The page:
Tex­tron of­fers Scor­pion jet to IAF

SP's MAI - - SP’S EXCLUSIVES -

The In­dian Air Force (IAF), which re­ceives pitches both so­licited and un­so­licited, has re­ceived one of its most in­ter­est­ing in re­cent times. Faced with a train­ing void in the in­ter­me­di­ate jet trainer space, the IAF had re­sorted to a global re­quest for in­for­ma­tion to gauge what so­lu­tions ex­isted in the world avi­a­tion mar­ket for a light jet trainer plat­form that could also un­der­take light attack and tac­ti­cal mul­ti­pur­pose mis­sions. One of the re­sponses the IAF has re­ceived is an air­craft that has evoked at­ten­tion for its sim­plic­ity, cost and mission pro­file: the Tex­tron Airland Scor­pion, a light tac­ti­cal twin-jet air­plane fit­ted out for tac­ti­cal in­ter­dic­tion mis­sions and ISR. Whether or not the IAF is will­ing to look strictly at air­craft that don’t fit its rather un­bend­ing trainer air­craft pro­file, the Scor­pion is an in­trigu­ing plat­form that makes af­ford­abil­ity its sin­gu­lar touch­stone.

First off, the Scor­pion isn’t in­tended as a high per­for­mance air­plane—and isn’t un­der devel­op­ment through a US Depart­ment of De­fense-funded pro­gramme or re­quire­ment, but rather a ven­ture by Tex­tron and Airland LLC based on their own in­de­pen­dent un­der­stand­ing of the world mar­ket for air­craft, and evolv­ing re­quire­ments. Shrink­ing bud­gets, the un­af­ford­abil­ity of high per­for­mance fighter jets, lo­gis­ti­cal eco­nomics and the spend­ing power of small or emerg­ing na­tions with se­cu­rity threat per­spec­tives largely guide the devel­op­ment of a light, un­com­pli­cated air­craft that can, in the words of the maker, en­gage in do­mes­tic in­ter­dic­tion, quick-re­ac­tion nat­u­ral dis­as­ter sup­port, air sovereignty pa­trols, and low-threat bat­tle­field mis­sions. In other words, the air­craft could be de­ployed in a counter-in­sur­gency pro­file as well.

Sim­plic­ity and econ­omy guide the devel­op­ment of the Tex­tron Airland of­fer­ing. At a stated op­er­at­ing cost of $3,000 per flight hour, the Scor­pion pro­poses to be hugely cheaper to op­er­ate than high per­for­mance jets cur­rently en­gaged in US op­er­a­tions around the world. And with a price tag of un­der $20 mil­lion per air­frame, the mak­ers will clearly be pitch­ing the air­craft at sub­stan­tial fleet num­ber re­quire­ments. The twin-seat con­fig­u­ra­tion makes it dou­ble as a pos­si­ble fast jet trainer, far ex­ceed­ing the per­for­mance re­quire­ments of the IAF’s ideal IJT. Sev­eral other in­no­va­tions keep the air­craft’s cost low: no flyby-wire, an all com­pos­ite fuse­lage that draws from parts al­ready built by Tex­tron firm Cessna, and a cock­pit only slightly dif­fer­ent from ex­ist­ing cock­pits on Cessna air­craft. The Scor­pion flies on two Honey­well TFE731 tur­bo­fans pro­duc­ing 3,600 kg of thrust that can keep the jet air­borne for just over five hours, with an over­all ser­vice life of 20,000 hours. Ac­cord­ing to Tex­tron, the Scor­pion, which flew for the first time in De­cem­ber 2013, is be­ing de­vel­oped with a 1,400 kg pay­load that could in­clude bombs (guided and un­guided), or elec­tronic pay­loads for in­tel­li­gence gath­er­ing, all in an in­ter­nal bay.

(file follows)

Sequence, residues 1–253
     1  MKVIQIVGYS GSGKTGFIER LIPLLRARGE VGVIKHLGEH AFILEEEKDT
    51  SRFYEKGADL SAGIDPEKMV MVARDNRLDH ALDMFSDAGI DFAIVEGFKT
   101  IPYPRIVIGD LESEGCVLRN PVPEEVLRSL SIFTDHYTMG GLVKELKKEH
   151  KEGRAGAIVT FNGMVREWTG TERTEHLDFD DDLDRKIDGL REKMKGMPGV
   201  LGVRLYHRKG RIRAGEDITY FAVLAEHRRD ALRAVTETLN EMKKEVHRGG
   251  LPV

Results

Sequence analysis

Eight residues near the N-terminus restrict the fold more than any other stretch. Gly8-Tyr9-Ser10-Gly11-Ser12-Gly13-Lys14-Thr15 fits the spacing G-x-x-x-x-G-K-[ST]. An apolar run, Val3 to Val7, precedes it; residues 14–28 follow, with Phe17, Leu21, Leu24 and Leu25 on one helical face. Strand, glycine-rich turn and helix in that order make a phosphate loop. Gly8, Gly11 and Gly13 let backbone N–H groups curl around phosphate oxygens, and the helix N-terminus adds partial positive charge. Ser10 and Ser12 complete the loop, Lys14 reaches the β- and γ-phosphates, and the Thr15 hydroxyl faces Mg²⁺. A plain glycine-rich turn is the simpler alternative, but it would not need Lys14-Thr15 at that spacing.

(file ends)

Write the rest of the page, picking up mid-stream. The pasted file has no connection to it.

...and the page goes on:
Com­pa­nies in­clud­ing Malaysia, the UAE, In­done­sia and Nige­ria have shown in­ter­est in the Scor­pion, with dis­cus­sions tak­ing place with other coun­tries in the Mid­dle East and South East Asia as well. At a time when the In­dian Air Force’s re­quire­ments are evolv­ing, and yet held in place by old-fash­ioned pulls and pres­sures, out-of-the-box air­craft that ap­pear to chal­lenge what in US mil­i­tary jar­gon is called the death spi­ral—costlier and costlier air­craft, with higher and higher ca­pa­bil­i­ties, lead­ing to smaller and smaller ac­qui­si­tion num­bers and there­fore fleets. Whether or not an air­plane like the Scor­pion fits any­where in the IAF’s in­ven­tory and ca­pa­bil­ity wish­list is dif­fi­cult to pre­dict. For that, there would need to be greater op­er­a­tional syn­er­gies be­tween train­ing and other mis­sions, a con­fla­tion of doc­trine and the pos­si­bil­ity of step­ping out of the old rigidi­ties that re­main the guiding prin­ci­ples of ev­ery pur­chase.

The Scor­pion isn’t unique in its propo­si­tion. For years, train­ers have been po­si­tioned as be­ing able to dou­ble as light attack/counter-in­sur­gency and in­tel­li­gence gath­er­ing plat­forms, most re­cently the Em­braer Su­per Tu­cano and the Yakovlev Yak-130. Such meld­ing of mission pro­files is a strong recog­ni­tion of the im­per­a­tives of train­ing, but the shrink­ing luxury of procur­ing and op­er­at­ing fleets of high per­for­mance air­craft for the spec­trum of threats that many emerg­ing na­tions face.

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